(WASHINGTON, D.C., 3/14/13) — The nation's largest Muslim civil rights and advocacy organization today welcomed a decision by a South Carolina jail to allow female inmates to wear religious head coverings, called “hijab.”
The Washington-based Council on American-Islamic Relations (CAIR) made the request for a policy change following a complaint from a Muslim woman who was taken into custody on December 31, 2012, and was allegedly told to remove her hijab so she could have her booking photograph taken. The booking officer reportedly disregarded the woman's religious concerns and “intimidated” her into removing her scarf in the presence of a male officer. The Muslim inmate's husband was allegedly informed that “all Muslim women take off their scarves” when in custody.
In a letter to CAIR, Ronaldo D. Myers, director of the Alvin S. Glenn Detention Center in Columbia, S.C., wrote:
“As requested, we have reviewed and updated our policies to ensure clarity with our staff on the processing and searching of female detainees of the Muslim faith, and specifically have exempted the wearing of religious headwear from our facility's 'Prohibited Acts' policy.”
“We welcome the detention center's decision to allow detainees to exercise their constitutionally-protected religious freedom,” said CAIR National Legal Director Nadhira Al-Khalili. “We have recently received reports of denial of religious rights at correctional institutions in other states and are working to achieve similarly positive resolutions in those cases.”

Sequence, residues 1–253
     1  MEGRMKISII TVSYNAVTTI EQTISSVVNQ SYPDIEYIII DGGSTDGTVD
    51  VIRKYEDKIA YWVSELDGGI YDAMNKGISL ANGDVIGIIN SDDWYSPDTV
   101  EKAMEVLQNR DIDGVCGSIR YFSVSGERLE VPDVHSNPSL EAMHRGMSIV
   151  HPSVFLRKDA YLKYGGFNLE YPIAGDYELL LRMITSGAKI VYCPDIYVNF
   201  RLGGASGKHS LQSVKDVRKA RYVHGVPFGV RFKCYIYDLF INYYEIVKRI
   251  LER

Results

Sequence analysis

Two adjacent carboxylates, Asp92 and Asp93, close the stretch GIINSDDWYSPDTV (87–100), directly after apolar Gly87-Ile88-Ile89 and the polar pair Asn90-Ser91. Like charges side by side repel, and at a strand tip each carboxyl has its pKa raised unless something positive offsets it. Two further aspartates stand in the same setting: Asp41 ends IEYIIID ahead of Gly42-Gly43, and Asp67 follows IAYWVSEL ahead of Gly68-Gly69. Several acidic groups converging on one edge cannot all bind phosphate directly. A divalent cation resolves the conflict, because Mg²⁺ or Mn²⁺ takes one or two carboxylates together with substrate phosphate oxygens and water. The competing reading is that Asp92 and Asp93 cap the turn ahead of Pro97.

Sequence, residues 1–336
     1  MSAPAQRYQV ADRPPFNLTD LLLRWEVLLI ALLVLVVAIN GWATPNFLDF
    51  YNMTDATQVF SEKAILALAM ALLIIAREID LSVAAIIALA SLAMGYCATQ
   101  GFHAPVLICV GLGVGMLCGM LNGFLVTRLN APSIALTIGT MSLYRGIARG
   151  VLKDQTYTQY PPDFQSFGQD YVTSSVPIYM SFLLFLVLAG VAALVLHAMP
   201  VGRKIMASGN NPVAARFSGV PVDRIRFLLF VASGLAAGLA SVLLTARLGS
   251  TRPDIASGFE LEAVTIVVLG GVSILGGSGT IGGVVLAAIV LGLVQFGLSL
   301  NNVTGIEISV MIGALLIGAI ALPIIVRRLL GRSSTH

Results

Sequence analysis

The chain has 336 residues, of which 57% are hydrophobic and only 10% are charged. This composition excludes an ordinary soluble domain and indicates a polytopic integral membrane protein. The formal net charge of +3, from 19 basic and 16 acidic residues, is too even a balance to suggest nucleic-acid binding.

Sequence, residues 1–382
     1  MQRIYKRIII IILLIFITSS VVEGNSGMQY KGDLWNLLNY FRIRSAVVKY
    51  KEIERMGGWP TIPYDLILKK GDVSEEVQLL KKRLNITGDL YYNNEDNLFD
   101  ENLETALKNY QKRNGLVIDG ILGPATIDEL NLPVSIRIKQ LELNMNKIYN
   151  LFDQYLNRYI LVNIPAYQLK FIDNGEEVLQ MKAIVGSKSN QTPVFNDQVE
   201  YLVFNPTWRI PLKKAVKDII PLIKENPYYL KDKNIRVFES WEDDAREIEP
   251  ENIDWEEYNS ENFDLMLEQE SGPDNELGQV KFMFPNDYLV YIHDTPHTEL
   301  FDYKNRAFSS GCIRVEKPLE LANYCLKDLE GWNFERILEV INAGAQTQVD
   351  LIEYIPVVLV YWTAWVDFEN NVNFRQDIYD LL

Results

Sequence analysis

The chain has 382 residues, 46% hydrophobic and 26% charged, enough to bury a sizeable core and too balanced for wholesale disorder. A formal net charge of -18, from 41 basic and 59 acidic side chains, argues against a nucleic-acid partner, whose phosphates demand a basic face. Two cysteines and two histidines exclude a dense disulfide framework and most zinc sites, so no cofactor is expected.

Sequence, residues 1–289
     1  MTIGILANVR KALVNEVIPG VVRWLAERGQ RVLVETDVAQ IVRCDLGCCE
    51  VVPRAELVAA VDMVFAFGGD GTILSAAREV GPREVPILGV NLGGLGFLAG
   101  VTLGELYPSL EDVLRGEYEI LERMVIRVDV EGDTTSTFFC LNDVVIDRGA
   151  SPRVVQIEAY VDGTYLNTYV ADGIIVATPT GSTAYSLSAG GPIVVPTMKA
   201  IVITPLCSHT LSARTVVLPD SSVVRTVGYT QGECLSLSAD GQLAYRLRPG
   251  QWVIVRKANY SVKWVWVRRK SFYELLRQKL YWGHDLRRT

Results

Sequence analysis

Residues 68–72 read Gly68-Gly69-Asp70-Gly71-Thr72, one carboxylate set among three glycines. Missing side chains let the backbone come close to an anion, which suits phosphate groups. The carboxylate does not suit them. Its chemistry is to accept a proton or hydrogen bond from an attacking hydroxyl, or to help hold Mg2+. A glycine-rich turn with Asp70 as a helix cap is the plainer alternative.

She said CAIR offers an educational toolkit, called “A Correctional Institution's Guide to Islamic Religious Practices,” to help correctional officers gain a better understanding of Islam and Muslims.
Earlier this year, the CAIR's Washington state chapter welcomed a new policy in King County that permits hijab in all jails and courthouses.
Last year, CAIR's St. Louis chapter thanked county and law enforcement officials for agreeing to provide religious accommodation for Muslim women who wear hijab and are held in the St. Louis County Jail in Clayton, Mo.
CAIR's Minnesota chapter helped resolve a similar case in which a Muslim woman sought to exercise her religious rights while in jail.
In 2011, the U.S. Supreme Court refused to overturn a lower court ruling that said a Muslim woman “had the right to wear the scarf unless jailers could show it was a security risk.”
In that case, the Muslim woman's suit cited the Religious Land Use and Institutionalized Persons Act (RLUIPA), which prohibits state and local governments from imposing “a substantial burden on the religious exercise of a person residing in or confined to an institution.”
CAIR is America's largest Muslim civil liberties and advocacy organization. Its mission is to enhance the understanding of Islam, encourage dialogue, protect civil liberties, empower American Muslims, and build coalitions that promote justice and mutual understanding.
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CONTACT: CAIR National Legal Counsel Nadhira Al-Khalili, 202-646-6034, firstname.lastname@example.org; CAIR National Communications Director Ibrahim Hooper, 202-744-7726, email@example.com; CAIR Communications Manager Amina Rubin, 202-488-8787, 202-341-4171, firstname.lastname@example.org